Australia’s energy debate hit heavy weather last week following the storms and blackout in South Australia.
While the physical storm has passed and the cleanup is well underway, we’re yet to emerge from the political tempest that’s followed. Many politicians and commentators have focussed on scoring cheap political points, rather than collaborating to understand what happened in order to strengthen Australia’s energy system.
A diverse group of industry and consumer bodies – the Australian Energy Council, Australian Industry Group, Business Council of Australia, Clean Energy Council, Energy Users Association, Energy Consumers Australia, Energy Networks Association and Energy Efficiency Council – issued a joint statement today that calls for Australia’s energy ministers to work together to craft a cooperative and strategic response to the transformation underway in Australia’s energy system.
Understanding the South Australian blackout is critical, but it needs to be approached in a mature, sensible way to help develop the sort of long-term approaches that will give homes and businesses the confidence to invest in energy supply, storage and end-use technologies. Short-term politicking will distort or defer essential investments, raising the costs of energy.
While we have a long way to go to fully analyse both the blackout and its implications, there are a few key points that can be raised already that have larger implications.
The AEMO Preliminary Report on the blackout sets out that on 28 September a massive storm whipped through South Australia. The storm damaged 22 transmission towers, and three lines north of Adelaide went down within 12 seconds. Following this, 315 MW of wind generation disconnected, around 36 per cent of the 883 MW supplied by wind just before the event.
This increased the draw on the Heyward interconnector to over 850 MW, which exceeded safety levels and resulted in the automatic tripping of the interconnector. As a result the remaining generators in the state shut down, resulting in a System Black.
The process for restoring power started rapidly, and by midnight that day 80-90% of electricity supply was restored to the part of the SA grid that was still safely connected to the southern part of the grid. Other areas were progressively connected as lines were restored and/or deemed safe.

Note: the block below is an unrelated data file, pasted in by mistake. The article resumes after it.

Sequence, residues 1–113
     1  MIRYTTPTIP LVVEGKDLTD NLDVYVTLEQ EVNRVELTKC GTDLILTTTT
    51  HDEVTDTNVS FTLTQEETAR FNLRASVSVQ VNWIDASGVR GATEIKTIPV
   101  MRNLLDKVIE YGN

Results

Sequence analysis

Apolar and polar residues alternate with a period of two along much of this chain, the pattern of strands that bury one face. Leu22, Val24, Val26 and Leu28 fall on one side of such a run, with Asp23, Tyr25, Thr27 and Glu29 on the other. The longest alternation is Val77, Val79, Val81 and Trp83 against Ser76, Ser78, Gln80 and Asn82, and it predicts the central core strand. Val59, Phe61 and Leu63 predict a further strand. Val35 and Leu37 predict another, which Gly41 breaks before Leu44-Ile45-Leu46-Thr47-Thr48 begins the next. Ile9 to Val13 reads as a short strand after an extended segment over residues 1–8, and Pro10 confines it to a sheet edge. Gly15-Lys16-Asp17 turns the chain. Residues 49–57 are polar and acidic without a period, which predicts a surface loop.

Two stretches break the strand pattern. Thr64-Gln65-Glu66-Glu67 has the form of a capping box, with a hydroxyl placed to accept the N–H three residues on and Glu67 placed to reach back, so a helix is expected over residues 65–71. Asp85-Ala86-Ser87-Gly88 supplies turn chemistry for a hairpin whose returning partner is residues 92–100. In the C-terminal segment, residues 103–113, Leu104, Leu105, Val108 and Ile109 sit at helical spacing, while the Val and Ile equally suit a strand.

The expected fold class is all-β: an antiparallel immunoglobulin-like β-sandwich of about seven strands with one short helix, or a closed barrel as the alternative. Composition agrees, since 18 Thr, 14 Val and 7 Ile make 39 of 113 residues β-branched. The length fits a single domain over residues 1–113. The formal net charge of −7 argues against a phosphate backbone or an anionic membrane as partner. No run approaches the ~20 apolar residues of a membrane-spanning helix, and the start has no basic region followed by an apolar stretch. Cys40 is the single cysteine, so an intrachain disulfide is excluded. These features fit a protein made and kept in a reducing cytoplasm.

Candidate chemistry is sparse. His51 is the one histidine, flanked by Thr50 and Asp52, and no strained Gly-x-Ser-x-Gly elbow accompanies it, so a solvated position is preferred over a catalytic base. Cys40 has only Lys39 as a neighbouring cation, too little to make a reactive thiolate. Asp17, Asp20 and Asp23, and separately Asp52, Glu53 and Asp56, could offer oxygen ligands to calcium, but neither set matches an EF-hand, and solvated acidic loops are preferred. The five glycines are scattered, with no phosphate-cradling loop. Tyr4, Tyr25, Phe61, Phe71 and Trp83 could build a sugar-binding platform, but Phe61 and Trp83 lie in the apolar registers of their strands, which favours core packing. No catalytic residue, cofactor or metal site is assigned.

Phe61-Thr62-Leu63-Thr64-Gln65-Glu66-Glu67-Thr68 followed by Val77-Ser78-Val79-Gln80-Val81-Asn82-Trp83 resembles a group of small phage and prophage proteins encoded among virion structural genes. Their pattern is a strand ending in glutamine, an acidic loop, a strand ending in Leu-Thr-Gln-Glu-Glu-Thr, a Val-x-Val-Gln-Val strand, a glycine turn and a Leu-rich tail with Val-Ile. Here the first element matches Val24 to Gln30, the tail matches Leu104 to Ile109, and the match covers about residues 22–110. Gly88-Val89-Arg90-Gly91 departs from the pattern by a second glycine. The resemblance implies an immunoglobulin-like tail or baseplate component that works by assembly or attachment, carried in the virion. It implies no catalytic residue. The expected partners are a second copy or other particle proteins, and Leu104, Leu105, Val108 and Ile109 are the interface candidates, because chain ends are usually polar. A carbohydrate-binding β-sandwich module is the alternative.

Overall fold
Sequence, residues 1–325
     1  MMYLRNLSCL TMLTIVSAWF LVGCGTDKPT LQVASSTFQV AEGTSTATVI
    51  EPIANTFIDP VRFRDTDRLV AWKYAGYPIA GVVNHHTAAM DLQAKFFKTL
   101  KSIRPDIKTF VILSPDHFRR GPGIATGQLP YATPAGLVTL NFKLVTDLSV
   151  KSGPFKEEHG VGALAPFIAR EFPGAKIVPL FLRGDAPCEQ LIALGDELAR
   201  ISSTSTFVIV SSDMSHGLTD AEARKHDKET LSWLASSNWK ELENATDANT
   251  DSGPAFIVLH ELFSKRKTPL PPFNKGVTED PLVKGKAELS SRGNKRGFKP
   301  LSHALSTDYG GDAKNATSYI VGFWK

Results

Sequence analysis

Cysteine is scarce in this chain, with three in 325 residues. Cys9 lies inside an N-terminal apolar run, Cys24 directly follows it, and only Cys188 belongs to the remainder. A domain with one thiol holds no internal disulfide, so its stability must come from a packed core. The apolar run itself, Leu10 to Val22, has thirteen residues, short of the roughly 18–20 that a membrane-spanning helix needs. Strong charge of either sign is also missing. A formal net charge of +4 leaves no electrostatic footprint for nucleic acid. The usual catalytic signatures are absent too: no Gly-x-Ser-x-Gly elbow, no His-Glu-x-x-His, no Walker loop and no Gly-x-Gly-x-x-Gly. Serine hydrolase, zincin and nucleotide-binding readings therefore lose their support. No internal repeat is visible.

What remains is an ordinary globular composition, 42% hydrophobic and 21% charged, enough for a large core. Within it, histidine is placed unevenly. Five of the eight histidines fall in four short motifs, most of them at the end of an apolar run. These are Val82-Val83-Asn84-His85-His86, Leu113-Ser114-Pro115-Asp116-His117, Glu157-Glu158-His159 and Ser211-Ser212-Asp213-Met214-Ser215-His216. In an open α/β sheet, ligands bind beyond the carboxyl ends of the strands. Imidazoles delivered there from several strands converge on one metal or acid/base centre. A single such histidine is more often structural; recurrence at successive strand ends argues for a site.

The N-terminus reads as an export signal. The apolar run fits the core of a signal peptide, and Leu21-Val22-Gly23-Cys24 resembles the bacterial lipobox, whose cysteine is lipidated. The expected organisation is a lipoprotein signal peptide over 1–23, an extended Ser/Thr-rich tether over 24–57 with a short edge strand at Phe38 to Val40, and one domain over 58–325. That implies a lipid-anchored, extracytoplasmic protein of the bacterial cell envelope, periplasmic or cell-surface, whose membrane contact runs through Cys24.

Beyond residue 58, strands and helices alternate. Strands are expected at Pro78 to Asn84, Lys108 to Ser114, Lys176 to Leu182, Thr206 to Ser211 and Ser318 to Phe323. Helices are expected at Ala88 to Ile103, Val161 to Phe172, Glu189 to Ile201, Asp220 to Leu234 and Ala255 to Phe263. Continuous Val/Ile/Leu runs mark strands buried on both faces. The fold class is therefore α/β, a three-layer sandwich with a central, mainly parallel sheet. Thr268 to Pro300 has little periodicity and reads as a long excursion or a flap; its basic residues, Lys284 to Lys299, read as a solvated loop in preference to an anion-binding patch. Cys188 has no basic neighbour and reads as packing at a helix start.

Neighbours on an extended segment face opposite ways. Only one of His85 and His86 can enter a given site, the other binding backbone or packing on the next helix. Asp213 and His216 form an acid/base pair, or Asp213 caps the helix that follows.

This was an extreme event, and it’s not clear if any grid would withstand the loss of three transmission lines in such a short period of time. However, there are some salient messages for grid stability under less extreme scenarios, including both supply-side and demand-side issues.
Firstly, its critical to bear in mind that designing a grid to survive any conditions would be prohibitively expensive. Despite a major storm, supply was rapidly restored to most of South Australia. Rather than trying to keep an entire grid functional at all times, essential services (e.g. hospitals) should have emergency backups that can withstand these kinds of shocks.
Secondly, the impact of the loss of the interconnector highlights issues around diversity and risk. Increased diversity of energy services, including supply, storage and demand-management, improves system security if it is integrated properly. Following Hurricane Sandy in the US, hospitals and campuses with cogeneration systems and microgrids were among the few locations with power.
With regards to risk, buried in the AEMO report is the statement “There was no local SA Regulation FCAS [Frequency Control Ancilliary Service] requirement pre-event, as there was no credible risk of separation of SA from the National Electricity Market (NEM).” In the common (rather than technical) sense of the term, it’s clear that disconnection from the NEM was a ‘credible risk’. This was an extreme event, and it’s not clear that local FCAS could have helped to keep the grid stable. However, it raises the broader point that we need to review how we assess risks.
Third, building on the point around FCAS. The energy market needs more effective mechanisms for tapping into demand-side services to manage fluctuations in both supply and demand, including both FCAS and demand-response over longer periods. This is especially true as the level of intermitted supply from wind and solar increases in the grid.
This highlights a more strategic point. The Energy Efficiency Council focuses on demand-side issues, and is neutral with regards to generation technologies. However, it’s clear that consumers will continue to install PV and that investment in large-scale renewables will continue. The debate needs to shift to how we can accommodate this transition at lowest cost while continuing to supply consumers with secure energy services.
Demand-response (the ability for larger energy users to voluntarily reduce demand in a coordinated way to maintain an efficient balance between supply and demand across the electricity system) will be a critical part of this transition for both affordability and security. Energy efficiency will reduce the amount of expenditure required in new forms of generation.
We believe state and federal governments need to work together to proactively manage the transition to new technologies for generation, supply, storage, and energy use that is currently underway.
Creating a 21st century energy system that is both reliable and cost effective will require sustained political leadership that overcomes the inertia in our energy market institutions and regulations. How we do that is a hard, long conversation. Its also a debate worth having.
Rob Murray-Leach is the Head of Policy at the Energy Efficiency Council.
The joint statement – Energy Challenges Need Cooperation – can be found at www.eec.org.au